Turning Point USA founder defends Twitter amid ‘shadow banning’ claims

Turning Post USA founder Charlie Kirk defended Twitter on Thursday following multiple reports that the social media platform is allegedly “shadow banning” some users.

"Sometimes I actually might defend Twitter more than most conservatives because it is a massive company with a ton of people,” Kirk told Hill.TV co-hosts Buck Sexton and Krystal Ball on “Rising.”


“There’s far, far left-wing people that are definitely agenda-driven and then there are some fair, decent-minded individuals there,” Kirk added.

Kirk says that he has personally benefited from the platform and doesn’t want to be a hypocrite. The conservative boasts more than 640,000 followers on Twitter.

“In this case there’s definitely someone who has been using political bias … but I don’t want to bite the hand that feeds me,” Kirk said. 

Kirk thinks the real focus needs to be on verified accounts, which are marked by a blue badge that lets people know that the account is authentic.

“I would think the bigger critique is who they verify and who they don’t,” Kirk told Hill.TV. “That’s actually where I think the energy should be focused.”

Liberal Igor Volsky agreed.

Volsky, the deputy director of the Center for American Progress Action Fund, said "there needs to be more transparency.”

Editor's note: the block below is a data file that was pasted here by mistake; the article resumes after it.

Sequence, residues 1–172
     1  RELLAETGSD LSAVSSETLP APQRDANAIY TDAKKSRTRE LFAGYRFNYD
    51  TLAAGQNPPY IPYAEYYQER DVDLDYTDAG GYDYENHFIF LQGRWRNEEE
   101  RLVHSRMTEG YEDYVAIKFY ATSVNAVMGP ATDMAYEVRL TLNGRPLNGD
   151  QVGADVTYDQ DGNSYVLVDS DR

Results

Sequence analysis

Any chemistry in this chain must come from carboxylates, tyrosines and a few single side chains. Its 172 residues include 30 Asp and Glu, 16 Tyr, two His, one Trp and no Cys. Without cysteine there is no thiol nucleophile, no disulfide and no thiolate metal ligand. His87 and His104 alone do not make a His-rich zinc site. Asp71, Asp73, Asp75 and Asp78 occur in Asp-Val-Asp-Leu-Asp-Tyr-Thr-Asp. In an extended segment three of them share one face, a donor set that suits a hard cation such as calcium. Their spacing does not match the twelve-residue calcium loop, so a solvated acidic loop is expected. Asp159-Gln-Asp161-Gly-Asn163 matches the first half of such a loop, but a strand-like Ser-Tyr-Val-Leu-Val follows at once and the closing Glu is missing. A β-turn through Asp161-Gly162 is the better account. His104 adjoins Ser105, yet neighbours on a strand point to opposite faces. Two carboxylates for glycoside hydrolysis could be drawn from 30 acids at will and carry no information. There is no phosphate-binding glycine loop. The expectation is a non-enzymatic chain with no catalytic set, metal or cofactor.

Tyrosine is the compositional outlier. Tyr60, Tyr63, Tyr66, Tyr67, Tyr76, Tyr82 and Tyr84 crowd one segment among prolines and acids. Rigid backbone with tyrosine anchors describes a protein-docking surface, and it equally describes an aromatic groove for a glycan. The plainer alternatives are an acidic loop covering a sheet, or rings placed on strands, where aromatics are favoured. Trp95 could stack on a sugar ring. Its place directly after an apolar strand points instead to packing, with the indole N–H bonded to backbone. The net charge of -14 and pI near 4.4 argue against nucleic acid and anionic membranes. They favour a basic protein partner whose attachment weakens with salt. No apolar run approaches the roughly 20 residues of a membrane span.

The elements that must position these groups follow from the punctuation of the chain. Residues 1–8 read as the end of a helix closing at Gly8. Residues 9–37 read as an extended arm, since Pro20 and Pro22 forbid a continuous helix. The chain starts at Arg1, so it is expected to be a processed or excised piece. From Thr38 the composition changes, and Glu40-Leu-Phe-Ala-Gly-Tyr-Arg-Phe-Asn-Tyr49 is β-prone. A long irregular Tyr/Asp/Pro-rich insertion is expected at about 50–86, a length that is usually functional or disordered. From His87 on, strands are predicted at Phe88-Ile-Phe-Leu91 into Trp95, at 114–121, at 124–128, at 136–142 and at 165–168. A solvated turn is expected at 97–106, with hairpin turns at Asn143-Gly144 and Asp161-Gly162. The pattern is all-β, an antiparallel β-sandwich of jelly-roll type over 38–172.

On Thursday, President TrumpDonald John TrumpGraham: America must 'accept the pain that comes in standing up to China' Weld 'thrilled' more Republicans are challenging Trump New data challenges Trump's economic narrative MORE accused Twitter of shadow banning prominent conservatives and threatened to investigate Twitter for the “discriminatory and illegal practice.”

Shadow banning essentially involves limiting an account's visibility in search results. 

Twitter has neither confirmed nor denied the practice.

But Twitter’s product lead, Kayvon Beykpour, said that in May the company started using “behavioral signals and machine learning to reduce people's ability to detract from healthy public conversation on Twitter.” He said that this practice isn’t influenced by “political views or the substance of tweets.”